Park decided to win big rather than retire quietly

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Park decided to win big rather than retire quietly


In 2020, Vietnam head coach Park Hang-seo hopes for another miracle by leading the U-23 team to qualify for the 2020 Tokyo Olympics. [KIM SUNG-RYONG]

Park Hang-seo, the head coach of Vietnam’s football team, has had his ups and downs throughout his coaching career, and has finally reached his peak at age 60.

In 2002, when Korea advanced to the semifinals at the FIFA World Cup, Park became one of the stars as he served as the assistant coach of the historic national team under head coach Guus Hiddink.

Continuing the success, Park was appointed as the head coach of Korea’s U-23 football team for the 2002 Asian Games, but as the team failed to win gold, his popularity and the glory of World Cup faded. He was quickly forgotten. Due to this, he resigned only after three months. He coached K League clubs for a while, but eventually he had to accept a head coaching job for a club football team.

Right when he thought that he was heading to his retirement, at age 57, he was given another chance: to coach the Vietnamese football team. As Southeast Asia isn’t a popular destination for football, being the head coach for Vietnam’s senior and the U-23 football team could have been a risky move. It could have ended his career without anyone knowing it, but Park didn’t hesitate to take the gamble.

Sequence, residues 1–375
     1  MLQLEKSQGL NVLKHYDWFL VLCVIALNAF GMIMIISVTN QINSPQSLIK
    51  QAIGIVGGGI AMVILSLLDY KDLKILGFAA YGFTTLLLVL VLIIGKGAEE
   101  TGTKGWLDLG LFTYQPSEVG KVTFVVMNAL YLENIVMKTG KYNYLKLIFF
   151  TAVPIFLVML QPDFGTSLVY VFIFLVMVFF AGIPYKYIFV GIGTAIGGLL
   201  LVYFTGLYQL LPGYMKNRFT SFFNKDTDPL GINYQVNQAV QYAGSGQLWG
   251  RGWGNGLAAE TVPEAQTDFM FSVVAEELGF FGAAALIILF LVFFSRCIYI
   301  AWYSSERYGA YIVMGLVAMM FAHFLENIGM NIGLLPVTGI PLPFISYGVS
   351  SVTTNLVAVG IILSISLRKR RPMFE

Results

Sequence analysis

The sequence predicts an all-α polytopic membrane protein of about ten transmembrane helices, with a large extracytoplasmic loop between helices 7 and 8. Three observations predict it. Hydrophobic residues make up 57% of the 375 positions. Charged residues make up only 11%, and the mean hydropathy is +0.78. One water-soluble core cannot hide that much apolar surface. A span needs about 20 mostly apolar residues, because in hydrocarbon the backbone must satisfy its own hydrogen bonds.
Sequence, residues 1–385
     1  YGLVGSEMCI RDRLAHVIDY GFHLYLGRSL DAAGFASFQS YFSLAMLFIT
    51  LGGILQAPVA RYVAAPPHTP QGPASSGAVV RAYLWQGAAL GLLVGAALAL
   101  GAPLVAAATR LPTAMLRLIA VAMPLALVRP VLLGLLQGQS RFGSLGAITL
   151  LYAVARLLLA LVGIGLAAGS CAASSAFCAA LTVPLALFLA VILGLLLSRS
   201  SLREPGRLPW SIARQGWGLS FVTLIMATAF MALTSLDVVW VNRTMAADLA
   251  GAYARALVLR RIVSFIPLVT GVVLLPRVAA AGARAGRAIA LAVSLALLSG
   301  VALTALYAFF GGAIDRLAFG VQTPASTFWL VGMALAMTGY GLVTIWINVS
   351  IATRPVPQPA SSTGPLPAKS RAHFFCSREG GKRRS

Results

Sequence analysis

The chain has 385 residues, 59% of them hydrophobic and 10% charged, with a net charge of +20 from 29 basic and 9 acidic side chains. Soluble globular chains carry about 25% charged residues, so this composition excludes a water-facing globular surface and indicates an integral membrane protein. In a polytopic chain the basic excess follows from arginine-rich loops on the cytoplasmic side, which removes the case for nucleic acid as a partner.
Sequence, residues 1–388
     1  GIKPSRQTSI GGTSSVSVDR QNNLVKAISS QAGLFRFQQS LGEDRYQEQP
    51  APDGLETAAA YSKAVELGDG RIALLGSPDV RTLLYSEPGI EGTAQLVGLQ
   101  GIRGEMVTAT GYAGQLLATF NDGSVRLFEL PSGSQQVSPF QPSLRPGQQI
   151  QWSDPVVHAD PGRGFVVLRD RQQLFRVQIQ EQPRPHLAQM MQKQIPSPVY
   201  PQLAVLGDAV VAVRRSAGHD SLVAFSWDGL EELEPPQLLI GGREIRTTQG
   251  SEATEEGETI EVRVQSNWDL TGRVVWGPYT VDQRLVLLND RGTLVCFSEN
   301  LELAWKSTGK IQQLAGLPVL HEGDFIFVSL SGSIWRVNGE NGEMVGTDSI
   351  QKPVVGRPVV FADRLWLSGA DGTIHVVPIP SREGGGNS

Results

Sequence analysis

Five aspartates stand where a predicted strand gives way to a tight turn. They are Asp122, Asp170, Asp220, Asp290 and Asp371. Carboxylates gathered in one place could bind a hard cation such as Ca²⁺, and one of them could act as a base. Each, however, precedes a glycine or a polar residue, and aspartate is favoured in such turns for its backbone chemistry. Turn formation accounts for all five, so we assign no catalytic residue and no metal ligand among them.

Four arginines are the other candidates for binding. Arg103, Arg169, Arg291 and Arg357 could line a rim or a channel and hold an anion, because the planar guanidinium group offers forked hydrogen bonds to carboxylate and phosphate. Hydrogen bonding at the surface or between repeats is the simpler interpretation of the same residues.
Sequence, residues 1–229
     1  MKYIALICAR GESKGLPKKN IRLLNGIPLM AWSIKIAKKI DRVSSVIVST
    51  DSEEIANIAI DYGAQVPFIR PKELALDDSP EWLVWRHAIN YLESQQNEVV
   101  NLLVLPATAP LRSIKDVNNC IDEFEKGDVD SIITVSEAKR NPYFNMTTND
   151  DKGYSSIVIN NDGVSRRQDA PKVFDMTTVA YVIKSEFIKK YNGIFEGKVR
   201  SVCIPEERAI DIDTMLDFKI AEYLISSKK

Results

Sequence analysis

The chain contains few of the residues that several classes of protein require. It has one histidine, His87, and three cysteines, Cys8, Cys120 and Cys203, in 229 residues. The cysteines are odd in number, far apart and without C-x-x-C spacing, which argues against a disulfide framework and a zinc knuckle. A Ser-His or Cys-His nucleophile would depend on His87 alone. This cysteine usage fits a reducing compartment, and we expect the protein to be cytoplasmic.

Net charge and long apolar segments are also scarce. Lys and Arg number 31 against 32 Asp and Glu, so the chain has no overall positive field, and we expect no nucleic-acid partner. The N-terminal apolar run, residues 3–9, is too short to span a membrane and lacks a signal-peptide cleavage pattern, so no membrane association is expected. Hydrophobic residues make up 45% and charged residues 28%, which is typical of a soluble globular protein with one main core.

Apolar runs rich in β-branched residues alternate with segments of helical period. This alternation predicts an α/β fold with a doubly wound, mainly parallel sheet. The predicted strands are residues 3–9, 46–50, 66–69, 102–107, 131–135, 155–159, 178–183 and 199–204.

On September 2017, Park headed to Vietnam. This changed everything.

“I slowed down and started to look around me,” Park said. “Once I did, I was able to see a path - an easier and a faster one.”

Not many believed that he would see success in Vietnam - instead, he would just end his career there, but Park gave it his all with the young team. As a result, just few months into coaching the team, Park led the Vietnam’s U-23 team to a surprising final at the 2018 AFC U-23 Championship.

Then at the Asian Games last year, Vietnam advanced all the way to the semi-finals, the best finish ever in the country’s history, and to finish off the year, he led the team to win the Suzuki Cup, once again for the first time ever.

This year, Park continued his magic by winning the country’s first-ever gold medal at the Southeast Asian Games. From his three successful years, Park recently re-signed his contract with the Vietnamese football association, reported to be the biggest contract ever for a coach in Vietnam. At age 60, he is having the busiest time of his life, but Park said he feels more relaxed than ever.

“I’ve only looked forward throughout my whole life,” Park said. “But once I headed over to Vietnam, I’ve learned an important lesson. I’ve slowed down and looked around. I was worried that I might be falling behind, but that wasn’t true.”

Following Park’s success, fans have called it the “Park Hang-seo magic,” but behind the success, he always pointed out the hard work of his players and his coaching staff, instead of himself. He once made headlines for his “papa leadership,” where he was spotted massaging the players’ feet after a match.

With the Vietnam football team, Park always emphasized being “one team,” where both the players and the coaches think from each other’s perspectives.

“When a head coach thinks like a player and the player thinks like a head coach, nothing can go wrong,” Park said. “In order to make one team, everyone has to make sure that we are the priority rather than themselves. Within that policy, they are given freedom. They need to feel the responsibilities and their roles.”